Norwich wants to ensure complete count in 2020 Census
Norwich — The 2020 U.S. Census won’t start counting residents in Norwich and the region until next spring, but Norwich officials are gearing up now with the creation of a local Complete Count Committee representing numerous organizations in the effort to ensure all Norwich residents are counted.
Several city, state and federal officials, including Lt. Gov. Susan Bysiewicz and U.S. Rep. Joe Courtney, D-2nd District, gathered Monday morning in the Council Chambers at City Hall as part of a statewide tour of key cities and towns to promote the upcoming 2020 Census. Representatives from the Mashantucket and Mohegan tribal nations joined them and also pledged to organize complete count efforts of tribal members.
Mayor Peter Nystrom said Norwich’s Complete Count Committee will have 20 members, eight of whom already have been chosen from key local organizations, such as Otis Library and Global City Norwich. Anyone interested in joining the committee should contact the mayor’s office at (860) 823-3742 or by email to firstname.lastname@example.org. The Norwich City Council likely will be asked to adopt a resolution creating the Complete Count Committee soon. Several other Connecticut cities have done so, Bysiewicz said.
Mark Plumley, representing the U.S. Census Bureau, said the formal count will begin in March 2020. Connecticut will have three census offices, one each in Danbury, New Haven and Hartford, which are hiring staff now.
A majority of local census workers will be short-term temporary enumerators to be paid $21 per hour to work next summer to try to reach people who did not answer the census either by mail, online or by phone. The Census Bureau will coordinate the effort with local law enforcement agencies, Plumley said.
Applications for those positions are available at www.2020census.gov/jobs.
Eva Bunnell, partnership specialist with the U.S. Census Bureau’s New York Regional Office, as well as the congressional and tribal liaison for the bureau for Connecticut, told the Southeastern Connecticut Council of Governments last week the goal is for every town and city across the state to have a Complete Count Committee.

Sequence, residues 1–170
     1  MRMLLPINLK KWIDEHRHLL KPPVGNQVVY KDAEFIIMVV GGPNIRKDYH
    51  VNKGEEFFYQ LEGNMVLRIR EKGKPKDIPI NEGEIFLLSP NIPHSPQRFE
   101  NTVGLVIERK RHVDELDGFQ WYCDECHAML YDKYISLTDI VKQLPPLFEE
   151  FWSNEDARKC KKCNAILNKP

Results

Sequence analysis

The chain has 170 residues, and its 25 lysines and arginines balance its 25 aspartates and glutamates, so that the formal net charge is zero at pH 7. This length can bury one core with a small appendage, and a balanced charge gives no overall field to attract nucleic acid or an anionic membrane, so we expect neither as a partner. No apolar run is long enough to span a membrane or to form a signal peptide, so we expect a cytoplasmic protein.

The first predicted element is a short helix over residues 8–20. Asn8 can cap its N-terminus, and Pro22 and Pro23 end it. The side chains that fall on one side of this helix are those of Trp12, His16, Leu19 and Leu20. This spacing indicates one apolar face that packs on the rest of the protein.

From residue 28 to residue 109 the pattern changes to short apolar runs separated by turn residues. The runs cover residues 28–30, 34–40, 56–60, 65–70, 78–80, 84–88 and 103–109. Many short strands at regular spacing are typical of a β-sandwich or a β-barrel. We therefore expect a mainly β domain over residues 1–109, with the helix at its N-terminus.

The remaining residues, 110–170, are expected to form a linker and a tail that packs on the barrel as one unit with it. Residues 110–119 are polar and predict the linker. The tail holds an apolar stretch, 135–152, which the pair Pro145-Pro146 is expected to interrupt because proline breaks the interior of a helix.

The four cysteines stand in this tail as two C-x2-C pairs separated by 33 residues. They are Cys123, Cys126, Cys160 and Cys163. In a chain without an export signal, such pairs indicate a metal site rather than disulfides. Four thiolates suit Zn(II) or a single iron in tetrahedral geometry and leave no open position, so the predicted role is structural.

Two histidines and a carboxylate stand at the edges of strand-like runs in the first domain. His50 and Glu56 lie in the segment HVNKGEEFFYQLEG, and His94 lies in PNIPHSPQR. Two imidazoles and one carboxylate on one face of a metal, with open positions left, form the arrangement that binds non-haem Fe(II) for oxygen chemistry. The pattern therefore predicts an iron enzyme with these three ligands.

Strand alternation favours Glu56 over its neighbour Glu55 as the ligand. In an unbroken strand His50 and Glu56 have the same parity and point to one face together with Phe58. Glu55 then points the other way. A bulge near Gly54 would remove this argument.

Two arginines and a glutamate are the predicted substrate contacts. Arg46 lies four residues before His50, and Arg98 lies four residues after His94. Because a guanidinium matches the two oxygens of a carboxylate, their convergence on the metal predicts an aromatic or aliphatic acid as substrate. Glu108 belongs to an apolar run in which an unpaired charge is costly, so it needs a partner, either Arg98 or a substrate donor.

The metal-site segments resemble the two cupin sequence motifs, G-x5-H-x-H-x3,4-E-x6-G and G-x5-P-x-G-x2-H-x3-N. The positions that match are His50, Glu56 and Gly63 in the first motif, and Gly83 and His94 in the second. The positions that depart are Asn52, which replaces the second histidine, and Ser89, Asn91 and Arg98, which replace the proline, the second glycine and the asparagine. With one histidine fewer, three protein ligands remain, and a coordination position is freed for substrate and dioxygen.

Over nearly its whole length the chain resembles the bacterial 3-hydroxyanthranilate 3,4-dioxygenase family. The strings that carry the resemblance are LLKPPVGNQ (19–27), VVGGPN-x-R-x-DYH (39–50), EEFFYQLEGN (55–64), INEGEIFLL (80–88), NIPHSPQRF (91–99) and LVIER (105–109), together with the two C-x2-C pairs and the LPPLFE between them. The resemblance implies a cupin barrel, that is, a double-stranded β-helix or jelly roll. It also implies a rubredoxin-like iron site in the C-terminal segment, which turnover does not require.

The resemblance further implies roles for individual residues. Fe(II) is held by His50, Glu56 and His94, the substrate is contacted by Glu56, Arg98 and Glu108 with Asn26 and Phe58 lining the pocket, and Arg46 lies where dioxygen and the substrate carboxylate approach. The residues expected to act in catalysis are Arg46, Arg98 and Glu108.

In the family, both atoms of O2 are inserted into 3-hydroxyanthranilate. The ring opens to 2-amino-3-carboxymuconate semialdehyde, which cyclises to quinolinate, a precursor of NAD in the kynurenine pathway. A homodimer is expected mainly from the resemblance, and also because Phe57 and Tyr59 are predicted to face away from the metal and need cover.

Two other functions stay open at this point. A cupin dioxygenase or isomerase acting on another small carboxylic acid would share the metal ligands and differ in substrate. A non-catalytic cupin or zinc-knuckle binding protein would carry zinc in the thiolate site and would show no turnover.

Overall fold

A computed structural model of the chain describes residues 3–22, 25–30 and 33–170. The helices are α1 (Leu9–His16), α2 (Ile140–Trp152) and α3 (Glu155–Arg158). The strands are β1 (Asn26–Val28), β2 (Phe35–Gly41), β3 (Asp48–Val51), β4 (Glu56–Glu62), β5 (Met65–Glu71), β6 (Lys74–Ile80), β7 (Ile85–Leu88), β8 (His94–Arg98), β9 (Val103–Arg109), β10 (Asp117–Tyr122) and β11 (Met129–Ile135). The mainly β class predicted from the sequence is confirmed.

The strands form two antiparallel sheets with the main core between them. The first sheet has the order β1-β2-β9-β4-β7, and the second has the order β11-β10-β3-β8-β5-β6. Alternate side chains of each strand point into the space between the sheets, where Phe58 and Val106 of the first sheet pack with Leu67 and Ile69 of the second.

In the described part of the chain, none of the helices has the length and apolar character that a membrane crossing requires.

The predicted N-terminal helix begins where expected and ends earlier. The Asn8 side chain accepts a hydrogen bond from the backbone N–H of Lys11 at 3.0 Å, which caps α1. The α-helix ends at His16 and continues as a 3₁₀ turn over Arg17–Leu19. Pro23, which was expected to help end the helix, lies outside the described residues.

Bunnell said the bureau is seeking the help of elected officials, community organizations and faith-based organizations to get the message out through trusted voices that the census is safe, easy and important.
“We need your help in getting to those hard-to-reach populations that we predict will not self-respond to the census,” she said.
The bureau predicts children under the age of 5, young black men between the ages of 18 to 24, recent immigrants and renters will be the hardest to count in the census, she said.
Bunnell and Plumley both said the census is protected by law, so the bureau cannot share information that identifies a person or a household with anyone who asks, including federal, state or local agencies or individuals, courts, or law enforcement officials, including U.S. Immigration and Customs Enforcement.
“We also use the world’s very latest, state-of-the-art cybersecurity methods to protect every piece of information that we obtain,” she added.
She said the census is important because it determines the apportionment of seats each state gets in the U.S. House of Representatives; the boundaries of congressional and state legislative districts and voting districts, as well as school districts; and the apportionment of federal dollars that every state is allocated on a yearly basis.
People have options to respond online or by phone in 12 non-English languages. In addition, guides will be available in 59 languages.
Stories that may interest you
The once-solvent United Church of Stonington is struggling, and its leaders are appealing to the community for financial assistance and support.
From Clark Lane, it looks like a dirt parking lot next to a field with an adjacent dog park, easy to pass by without even a hint of curiosity. But walk into the tree line and you will find a variety of lush micro-ecosystems on this former farm.
Dancers participate in an intertribal dance during the Mohegan Wigwam Festival at Fort Shantok on Sunday
The city is seeking bids for the demolition of an electrical substation that has sat at the intersection for the past 60 years.